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Testing equivalence of parameters algorithmically

In Uncategorized on May 9, 2011 by nessgrh

In the previous post we reduced the problem of finding an expression of a Hypergeometric function to creating a suitably large “knowledge base” of suitable origins, and to find, given a suitable set of parameters a_p, b_q an origin a_p^0, b_q^0. This post is concerned with the latter problem.

Let us re-state the definitions. We are given two vectors of complex numbers a_p, b_q. These parameters are called suitable if a_i - b_j \in \mathbb{Z} implies that a_i < b_j. We assume a_p, b_q are suitable, and also that a_i \ne 0, b_j > 0 for all i, j. All our origins also satisfy the same conditions. To every such set of parameters a_p, b_q we associate three invariants:

  • For r \in [0, 1), the number \alpha_r of a_i \equiv r \pmod{1}, and similarly the number \beta_r of b_j \equiv r \pmod{1}.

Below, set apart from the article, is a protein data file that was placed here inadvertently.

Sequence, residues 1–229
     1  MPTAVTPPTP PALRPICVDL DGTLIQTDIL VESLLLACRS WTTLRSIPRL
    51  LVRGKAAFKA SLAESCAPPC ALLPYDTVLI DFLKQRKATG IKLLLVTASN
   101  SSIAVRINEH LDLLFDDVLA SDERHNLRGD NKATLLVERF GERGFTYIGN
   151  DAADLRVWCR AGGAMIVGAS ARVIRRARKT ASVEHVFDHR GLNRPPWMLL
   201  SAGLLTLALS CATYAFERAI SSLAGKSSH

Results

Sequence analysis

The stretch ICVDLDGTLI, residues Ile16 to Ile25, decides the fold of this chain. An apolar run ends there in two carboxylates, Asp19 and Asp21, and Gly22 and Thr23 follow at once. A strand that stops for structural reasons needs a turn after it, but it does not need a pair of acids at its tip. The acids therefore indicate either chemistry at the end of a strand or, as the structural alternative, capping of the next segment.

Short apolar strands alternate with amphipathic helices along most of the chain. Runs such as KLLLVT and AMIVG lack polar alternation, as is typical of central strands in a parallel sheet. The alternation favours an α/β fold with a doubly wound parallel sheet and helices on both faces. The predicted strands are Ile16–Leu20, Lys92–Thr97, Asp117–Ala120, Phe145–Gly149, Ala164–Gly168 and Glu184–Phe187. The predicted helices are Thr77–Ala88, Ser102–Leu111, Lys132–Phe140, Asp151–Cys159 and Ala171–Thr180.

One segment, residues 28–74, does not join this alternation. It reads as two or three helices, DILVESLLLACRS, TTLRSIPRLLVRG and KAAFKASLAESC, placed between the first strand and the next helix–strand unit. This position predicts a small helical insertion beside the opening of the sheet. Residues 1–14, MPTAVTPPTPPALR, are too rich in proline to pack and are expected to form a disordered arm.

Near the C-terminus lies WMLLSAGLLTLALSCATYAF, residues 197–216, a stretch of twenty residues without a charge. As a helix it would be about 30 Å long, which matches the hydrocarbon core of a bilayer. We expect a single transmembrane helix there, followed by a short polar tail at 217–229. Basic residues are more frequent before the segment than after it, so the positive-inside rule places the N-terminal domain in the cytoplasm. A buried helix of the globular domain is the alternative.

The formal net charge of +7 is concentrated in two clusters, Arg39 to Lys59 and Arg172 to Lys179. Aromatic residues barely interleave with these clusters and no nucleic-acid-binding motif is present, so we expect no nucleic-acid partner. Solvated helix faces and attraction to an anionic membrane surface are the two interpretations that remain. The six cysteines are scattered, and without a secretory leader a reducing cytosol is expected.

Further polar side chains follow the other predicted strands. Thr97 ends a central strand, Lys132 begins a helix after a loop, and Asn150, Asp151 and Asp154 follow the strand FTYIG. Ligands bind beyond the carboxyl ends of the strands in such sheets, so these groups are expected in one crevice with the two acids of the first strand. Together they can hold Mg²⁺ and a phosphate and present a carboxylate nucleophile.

• The number \gamma of a_i < 0.

We then know that a_p, b_q are equivalent to (reachable from) a_p^0, b_q^0 if and only if these invariants all agree.

Strictly Numerical Parameters

If all of the a_i, b_j, a_i^0, b_j^0 are concretely given, then this leads to an easy efficient algorithm. To every r \in [0, 1) we can associate a tuple A_r = (r, \alpha_r) and similarly a tuple B_r = (r, \beta_r). Given parameters a_p, b_q there exist finitely many r_1 < r_2 < \dots and s_1 < s_2 < \dots such that \alpha_r > 0 if and only if r = r_k for some k, and similarly \beta_r > 0 if and only if r = s_k for some k. We can thus pack all invariants of a_p, b_q into a single tuple: C(a_p, b_q) = (\gamma, A_{r_1}, A_{r_2}, \dots, B_{s_1}, B_{s_2}, \dots)

Thus from our knowledge base we simply assemble a python dictionary that is indexed by the invariant C. In this way strictly numerical parameters can be settled very quickly and easily.

Parametric Hypergeometric Formulae

In particular for low orders, there are often parametric formulae for Hypergeometric functions, like this:

  • 2{}_2F_1\left({-a, \frac{1}{2}-a} \atop \frac{1}{2} \middle| z\right) = (1 + \sqrt{z})^{2a} + (1-\sqrt{z})^{2a}
  • {}_2F_3 \left({(\mu + \nu + 1)/2, (\mu + \nu + 2)/2} \atop {\mu + 1, \nu + 1, \mu + \nu + 1} \middle| -z^2 \right) = (2/z)^{\mu + \nu} \Gamma(\mu + 1) \Gamma(\nu + 1) J_\mu(z) J_\nu(z)